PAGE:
Identifying Strategies Programs Adopt to Meet Healthy Eating and Physical Activity Standards in Afterschool Programs

Robert G. Weaver, Justin B. Moore, Brie Turner-McGrievy, Ruth Saunders, Aaron Beighle, M. Mahmud Khan, Jessica Chandler, Keith Brazendale, Allison Randell, Collin Webster, Michael W. Beets

Research output: Contribution to journalArticlepeer-review

5 Citations (Scopus)

Abstract

Background. The YMCA of USA has adopted Healthy Eating and Physical Activity (HEPA) Standards for its afterschool programs (ASPs). Little is known about strategies YMCA ASPs are implementing to achieve Standards and these strategies’ effectiveness. Aims. (1) Identify strategies implemented in YMCA ASPs and (2) evaluate the relationship between strategy implementation and meeting Standards. Method. HEPA was measured via accelerometer (moderate-to-vigorous-physical-activity [MVPA]) and direct observation (snacks served) in 20 ASPs. Strategies were identified and mapped onto a capacity building framework (Strategies To Enhance Practice [STEPs]). Mixed-effects regression estimated increases in HEPA outcomes as implementation increased. Model-implied estimates were calculated for high (i.e., highest implementation score achieved), moderate (median implementation score across programs), and low (lowest implementation score achieved) implementation for both HEPA separately. Results. Programs implemented a variety of strategies identified in STEPs. For every 1-point increase in implementation score 1.45% (95% confidence interval = 0.33% to 2.55%, p ≤.001) more girls accumulated 30 min/day of MVPA and fruits and/or vegetables were served on 0.11 more days (95% confidence interval = 0.11-0.45, p ≤.01). Relationships between implementation and other HEPA outcomes did not reach statistical significance. Still regression estimates indicated that desserts are served on 1.94 fewer days (i.e., 0.40 vs. 2.34) in the highest implementing program than the lowest implementing program and water is served 0.73 more days (i.e., 2.37 vs. 1.64). Conclusions. Adopting HEPA Standards at the national level does not lead to changes in routine practice in all programs. Practical strategies that programs could adopt to more fully comply with the HEPA Standards are identified.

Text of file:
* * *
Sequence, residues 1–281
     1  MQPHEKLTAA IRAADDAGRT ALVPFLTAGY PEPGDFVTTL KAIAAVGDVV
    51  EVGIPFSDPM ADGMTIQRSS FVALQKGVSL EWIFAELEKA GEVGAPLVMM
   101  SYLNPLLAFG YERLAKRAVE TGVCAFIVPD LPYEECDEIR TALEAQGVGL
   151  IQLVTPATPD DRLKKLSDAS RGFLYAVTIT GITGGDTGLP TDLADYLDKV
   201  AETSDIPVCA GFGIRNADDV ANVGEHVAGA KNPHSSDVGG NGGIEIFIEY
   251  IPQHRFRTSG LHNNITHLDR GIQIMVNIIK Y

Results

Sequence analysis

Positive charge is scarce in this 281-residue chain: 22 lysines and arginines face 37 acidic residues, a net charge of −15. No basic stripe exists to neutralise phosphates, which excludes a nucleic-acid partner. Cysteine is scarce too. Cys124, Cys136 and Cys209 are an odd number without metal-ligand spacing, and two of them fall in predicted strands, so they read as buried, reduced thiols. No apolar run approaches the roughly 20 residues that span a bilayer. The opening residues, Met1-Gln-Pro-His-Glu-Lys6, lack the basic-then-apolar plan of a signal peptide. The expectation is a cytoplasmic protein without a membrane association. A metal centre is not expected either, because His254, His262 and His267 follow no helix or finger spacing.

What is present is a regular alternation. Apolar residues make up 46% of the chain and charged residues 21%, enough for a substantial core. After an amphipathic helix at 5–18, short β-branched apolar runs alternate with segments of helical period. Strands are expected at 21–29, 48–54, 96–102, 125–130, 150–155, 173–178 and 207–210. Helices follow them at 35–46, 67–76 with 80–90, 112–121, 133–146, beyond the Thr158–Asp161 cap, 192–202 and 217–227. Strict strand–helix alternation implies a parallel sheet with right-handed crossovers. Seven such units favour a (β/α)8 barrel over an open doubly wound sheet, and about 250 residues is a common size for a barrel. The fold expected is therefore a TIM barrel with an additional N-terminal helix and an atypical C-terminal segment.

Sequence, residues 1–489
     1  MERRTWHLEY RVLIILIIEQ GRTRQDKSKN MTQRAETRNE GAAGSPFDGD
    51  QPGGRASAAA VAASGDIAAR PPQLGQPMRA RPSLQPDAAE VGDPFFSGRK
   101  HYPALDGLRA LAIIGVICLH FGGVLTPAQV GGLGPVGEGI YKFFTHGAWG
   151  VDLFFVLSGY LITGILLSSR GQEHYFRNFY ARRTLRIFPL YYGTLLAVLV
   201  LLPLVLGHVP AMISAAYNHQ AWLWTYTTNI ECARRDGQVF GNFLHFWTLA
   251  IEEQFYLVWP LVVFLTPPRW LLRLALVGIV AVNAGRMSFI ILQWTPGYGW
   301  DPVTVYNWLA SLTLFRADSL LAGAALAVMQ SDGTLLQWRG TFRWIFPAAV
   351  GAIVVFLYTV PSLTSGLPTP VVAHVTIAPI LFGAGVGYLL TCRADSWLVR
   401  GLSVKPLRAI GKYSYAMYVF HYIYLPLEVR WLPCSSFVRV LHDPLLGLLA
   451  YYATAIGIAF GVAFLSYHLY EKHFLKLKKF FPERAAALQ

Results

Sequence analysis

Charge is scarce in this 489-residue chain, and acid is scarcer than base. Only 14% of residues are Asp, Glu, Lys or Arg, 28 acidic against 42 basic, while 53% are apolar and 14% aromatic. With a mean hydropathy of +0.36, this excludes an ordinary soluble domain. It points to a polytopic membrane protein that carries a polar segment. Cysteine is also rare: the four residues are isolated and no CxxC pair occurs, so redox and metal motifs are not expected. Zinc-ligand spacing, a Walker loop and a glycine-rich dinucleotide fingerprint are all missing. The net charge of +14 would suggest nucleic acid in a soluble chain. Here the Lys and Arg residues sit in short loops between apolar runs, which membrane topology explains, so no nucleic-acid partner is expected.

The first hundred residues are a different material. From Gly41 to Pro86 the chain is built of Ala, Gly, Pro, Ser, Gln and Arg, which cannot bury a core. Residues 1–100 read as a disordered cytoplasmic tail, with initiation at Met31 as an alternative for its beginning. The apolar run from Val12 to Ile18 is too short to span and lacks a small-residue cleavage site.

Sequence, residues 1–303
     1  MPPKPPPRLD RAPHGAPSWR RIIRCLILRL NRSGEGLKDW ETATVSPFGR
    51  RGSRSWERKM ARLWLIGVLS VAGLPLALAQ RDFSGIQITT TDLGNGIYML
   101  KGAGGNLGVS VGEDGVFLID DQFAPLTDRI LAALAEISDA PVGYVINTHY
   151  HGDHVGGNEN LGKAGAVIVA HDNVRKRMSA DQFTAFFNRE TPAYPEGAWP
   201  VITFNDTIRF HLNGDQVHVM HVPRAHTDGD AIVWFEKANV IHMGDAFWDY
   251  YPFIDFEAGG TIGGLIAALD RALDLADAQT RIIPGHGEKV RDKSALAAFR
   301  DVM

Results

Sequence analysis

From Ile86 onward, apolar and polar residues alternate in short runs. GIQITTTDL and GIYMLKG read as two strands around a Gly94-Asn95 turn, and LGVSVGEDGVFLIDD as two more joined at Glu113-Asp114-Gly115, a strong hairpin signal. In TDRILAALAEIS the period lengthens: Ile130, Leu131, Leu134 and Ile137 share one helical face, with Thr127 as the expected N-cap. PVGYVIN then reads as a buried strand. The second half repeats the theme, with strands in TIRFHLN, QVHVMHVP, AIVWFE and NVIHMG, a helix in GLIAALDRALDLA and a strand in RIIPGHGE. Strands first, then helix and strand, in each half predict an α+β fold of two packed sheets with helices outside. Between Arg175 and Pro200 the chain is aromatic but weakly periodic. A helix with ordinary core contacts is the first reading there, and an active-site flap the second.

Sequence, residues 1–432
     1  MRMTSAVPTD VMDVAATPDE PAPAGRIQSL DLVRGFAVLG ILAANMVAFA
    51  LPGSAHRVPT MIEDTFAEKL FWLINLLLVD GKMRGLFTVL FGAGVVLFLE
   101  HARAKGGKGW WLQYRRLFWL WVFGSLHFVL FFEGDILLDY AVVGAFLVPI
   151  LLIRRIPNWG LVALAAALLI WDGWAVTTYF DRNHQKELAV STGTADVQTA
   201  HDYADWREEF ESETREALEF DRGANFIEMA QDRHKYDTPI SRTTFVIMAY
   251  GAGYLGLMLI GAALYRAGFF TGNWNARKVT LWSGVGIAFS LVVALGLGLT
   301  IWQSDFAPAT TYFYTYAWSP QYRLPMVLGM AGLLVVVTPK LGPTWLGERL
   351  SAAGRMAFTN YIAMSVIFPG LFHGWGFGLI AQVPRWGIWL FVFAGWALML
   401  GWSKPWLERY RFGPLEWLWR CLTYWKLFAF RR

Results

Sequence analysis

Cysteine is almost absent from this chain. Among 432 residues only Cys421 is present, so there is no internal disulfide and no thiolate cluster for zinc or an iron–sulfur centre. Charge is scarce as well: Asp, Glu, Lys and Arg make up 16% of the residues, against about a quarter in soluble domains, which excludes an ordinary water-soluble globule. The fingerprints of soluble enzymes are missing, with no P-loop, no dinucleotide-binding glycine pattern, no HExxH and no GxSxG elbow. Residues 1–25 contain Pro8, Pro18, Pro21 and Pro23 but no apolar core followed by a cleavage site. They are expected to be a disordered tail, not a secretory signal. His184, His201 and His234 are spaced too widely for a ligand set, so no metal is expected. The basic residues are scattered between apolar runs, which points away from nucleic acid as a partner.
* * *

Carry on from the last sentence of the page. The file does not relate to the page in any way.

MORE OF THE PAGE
Original languageEnglish
Pages (from-to)536-547
Number of pages12
JournalHealth Education and Behavior
Volume44
Issue number4
DOIs
Publication statusPublished - 1 Aug 2017

Bibliographical note

Funding Information:
The authors disclosed receipt of the following financial support for the research, authorship, and/or publication of this article: Research reported in this article was supported by the National Heart, Lung, and Blood Institute of the National Institutes of Health under Award Number RO1HD079422.

Publisher Copyright:
© 2016, © 2016 Society for Public Health Education.

Keywords

  • child health
  • health policy
  • out of school time
  • physical activity/exercise
  • youth

ASJC Scopus subject areas

  • Arts and Humanities (miscellaneous)
  • Public Health, Environmental and Occupational Health

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